Coralomorphs

The mass radiation of Metazoans included mineralized skeletons of solitary calcium carbonate cups and, later, slender irregular cerioid polygonal tubes, near the beginning of the Cambrian. These were originally grouped as coralomorphs because of their probable cnidarian affinities (Jell 1984). New descriptions of Early Cambrian coralomorphs, including studies of the biocrystals characteristic of their microstructure, their systematic position, and their stratigraphic distribution, have recently been made (Zhuravlev et al. 1993; Sorauf and Savarese 1995).

The oldest coralomorph, Cysticyathus (figure 14.6B), occurs in middle Tommotian calcimicrobial-archaeocyath bioherms of Siberia. It was previously included in archaeocyaths, despite its aporous skeleton. Tannuolaiids (=khasaktiids) (figure 14.6A) appeared in the Atdabanian of Siberia, diversifying as they migrated throughout the Ural-Mongolian Belt, and are always associated with reefs.

Hydroconozoa began with the Atdabanian but are not known later than the Botoman, when modular ramose forms developed. The skeletal microstructure of Hydro-conus is most likely similar to that of genuine corals (Lafuste et al. 1990).

The Botoman was the acme for all Cambrian coralomorphs. In addition to tannuolaiids and hydroconozoans, which are characteristic of Siberia, one of the most convincing cnidarians, Tabulaconus (low modular) (Debrenne etal. 1987) (figure 14.6C), also appeared in Laurentia, along with the solitary Aploconus (Debrenne et al. 1990a) and the high modular Rosellatana (Kobluk 1984). In Australia, Flindersipora occurs. It was thought to comprise the oldest tabulate corals (Lafuste et al. 1991) (figure 14.6D) but is considered by Scrutton (1992) to be an unassigned early skeletonized anthozoan lacking linear descent to any major coral group. The newly discovered Moorowipora and Arrowipora, with their cerioid coral forms and typical coralline wall structure, short septal spines, and tabulae, suggest an assignment with Tabulata (Fuller and Jenkins 1994, 1995; Sorauf and Savarese 1995). The latter authors also propose inclusion of Tabulaconus in the Tabulata, thereby greatly extending the strati-graphic range of the group. Scrutton (1997), however, prefers to classify Cambrian

Figure 14.6 Coralomorphs in thin section. A, Encrusting Khasaktia vesicularis Sayutina, PIN, Lower Cambrian, Atdabanian Pestrotsvet Formation (middle Lena River, Siberian Platform, Russia). B, Branching Cysticyathus tunicatus Zhuravleva, MNHN M81016, Lower Cambrian, Tommotian Pestrotsvet Formation (middle Lena River, Siberian Platform, Russia).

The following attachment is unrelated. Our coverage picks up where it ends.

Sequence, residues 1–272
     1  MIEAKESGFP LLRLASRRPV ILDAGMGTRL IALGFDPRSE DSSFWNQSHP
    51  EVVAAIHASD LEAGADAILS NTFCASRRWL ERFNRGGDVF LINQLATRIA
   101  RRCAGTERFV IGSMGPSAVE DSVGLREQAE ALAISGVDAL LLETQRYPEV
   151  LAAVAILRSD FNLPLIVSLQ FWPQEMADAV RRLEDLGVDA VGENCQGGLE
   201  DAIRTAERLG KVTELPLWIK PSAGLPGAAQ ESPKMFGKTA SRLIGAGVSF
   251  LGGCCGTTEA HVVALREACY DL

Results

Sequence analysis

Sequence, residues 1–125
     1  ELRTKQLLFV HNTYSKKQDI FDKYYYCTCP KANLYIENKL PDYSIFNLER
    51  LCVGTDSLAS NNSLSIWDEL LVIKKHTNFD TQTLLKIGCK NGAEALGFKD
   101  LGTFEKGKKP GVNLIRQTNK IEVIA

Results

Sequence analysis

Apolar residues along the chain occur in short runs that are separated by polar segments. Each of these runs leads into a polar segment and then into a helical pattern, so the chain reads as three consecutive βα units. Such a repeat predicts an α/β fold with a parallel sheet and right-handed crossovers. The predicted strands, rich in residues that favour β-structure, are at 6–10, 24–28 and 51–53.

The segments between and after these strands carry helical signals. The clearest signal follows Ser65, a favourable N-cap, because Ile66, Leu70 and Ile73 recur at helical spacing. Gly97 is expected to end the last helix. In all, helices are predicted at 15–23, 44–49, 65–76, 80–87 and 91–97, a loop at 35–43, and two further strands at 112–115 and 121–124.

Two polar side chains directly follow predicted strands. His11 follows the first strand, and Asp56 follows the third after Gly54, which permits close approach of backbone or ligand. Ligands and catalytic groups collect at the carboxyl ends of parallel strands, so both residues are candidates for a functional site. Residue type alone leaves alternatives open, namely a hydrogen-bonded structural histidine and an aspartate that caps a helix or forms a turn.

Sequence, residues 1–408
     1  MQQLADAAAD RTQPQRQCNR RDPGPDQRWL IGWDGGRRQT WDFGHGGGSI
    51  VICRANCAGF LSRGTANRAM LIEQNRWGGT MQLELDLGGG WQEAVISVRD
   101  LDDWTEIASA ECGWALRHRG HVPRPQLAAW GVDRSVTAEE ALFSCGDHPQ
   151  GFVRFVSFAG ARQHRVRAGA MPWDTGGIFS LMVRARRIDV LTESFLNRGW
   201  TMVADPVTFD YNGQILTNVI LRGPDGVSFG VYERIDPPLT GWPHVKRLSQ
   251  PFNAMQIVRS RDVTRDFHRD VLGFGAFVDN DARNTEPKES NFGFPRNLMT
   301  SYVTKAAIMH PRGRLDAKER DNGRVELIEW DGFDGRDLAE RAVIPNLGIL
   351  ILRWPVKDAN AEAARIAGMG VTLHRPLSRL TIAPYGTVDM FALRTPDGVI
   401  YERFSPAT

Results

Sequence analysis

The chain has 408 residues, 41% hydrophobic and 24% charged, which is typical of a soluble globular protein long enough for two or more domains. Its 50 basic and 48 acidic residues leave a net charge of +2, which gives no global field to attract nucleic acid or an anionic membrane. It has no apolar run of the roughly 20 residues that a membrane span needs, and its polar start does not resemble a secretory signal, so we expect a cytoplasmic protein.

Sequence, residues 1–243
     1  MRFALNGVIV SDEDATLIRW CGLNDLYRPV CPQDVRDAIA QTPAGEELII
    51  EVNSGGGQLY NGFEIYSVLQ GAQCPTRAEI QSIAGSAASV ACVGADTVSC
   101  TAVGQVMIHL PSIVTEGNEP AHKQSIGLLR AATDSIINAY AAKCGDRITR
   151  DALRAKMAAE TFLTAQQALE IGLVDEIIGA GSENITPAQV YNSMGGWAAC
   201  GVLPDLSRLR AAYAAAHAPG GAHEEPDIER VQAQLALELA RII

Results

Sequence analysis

Figure 14.6 Coralomorphs in thin section. A, Encrusting Khasaktia vesicularis Sayutina, PIN, Lower Cambrian, Atdabanian Pestrotsvet Formation (middle Lena River, Siberian Platform, Russia). B, Branching Cysticyathus tunicatus Zhuravleva, MNHN M81016, Lower Cambrian, Tommotian Pestrotsvet Formation (middle Lena River, Siberian Platform, Russia).

C, Branching Tabulaconus kordae Handfield, UA 2526, Lower Cambrian, Botoman Adams Argillite (Tatonduk area, Alaska, USA). D, Association of archaeocyaths (Ajacicyathus aequi-triens [Bedford and Bedford]) and tabulate Flin-dersipora bowmanni Lafuste, MNHN M42048, Lower Cambrian, Botoman Moorowie Limestone (Arrowie Basin, Australia).

zoantharian corals as a separate order Tabulaconida without an assignment to other Paleozoic coral clades.

All Atdabanian and Botoman coralomorphs are associated with calcimicrobial-archaeocyath reef environments, with Flindersipora and Yaworipora even participating in bioconstruction (Zhuravlev 1999). Khasaktia and Rosellatana can be cryptobionts in calcimicrobial-archaeocyathan reef cavities.

The modular Laurentian Labyrinthus is known from the late Botoman Forteau Formation of Labrador. Colonies are often attached to archaeocyath skeletons, indicating a preference for hard substrates. They are found in the "upper biostrome complex," which underlies and interfingers with ooid beds containing oncoids and diverse skeletal fragments. This implies shallow, agitated water conditions in the vicinity of a bioconstruction (Kobluk 1979).

Lipopora and Cothonion, from New South Wales, Australia, are the latest Early Cambrian (Ordian) coralomorphs (Jell and Jell 1976). Solitary or modular, they occur in carbonate beds, associated with Girvanella oncoids and a rich fauna of trilobites, brachiopods, mollusks, and sponges. The high faunal diversity, the predominance of cyanobacteria, and the carbonate petrology suggest a warm shallow-water carbonate bank environment.

Other proposed Early Cambrian cnidarians have doubtful records (inorganic concretions, algae, bryozoans, or synonyms of already described tannuolaiids or hydro-conozoans) and consequently are not considered here.

A Middle Cambrian (Floran-Undillan) coralomorph Tretocylichne is found in reworked clasts within inner submarine fan deposits of northeastern New South Wales (Engelbretsen 1993). The single example of a possible Late Cambrian coral is found in Montana (Fritz and Howell 1955).

Coralomorphs were suspension feeders living in warm waters and generally associated with calcimicrobial-archaeocyath bioherms as coconstructors or cryptobionts. Some lived in agitated waters near biostromes or carbonate banks.

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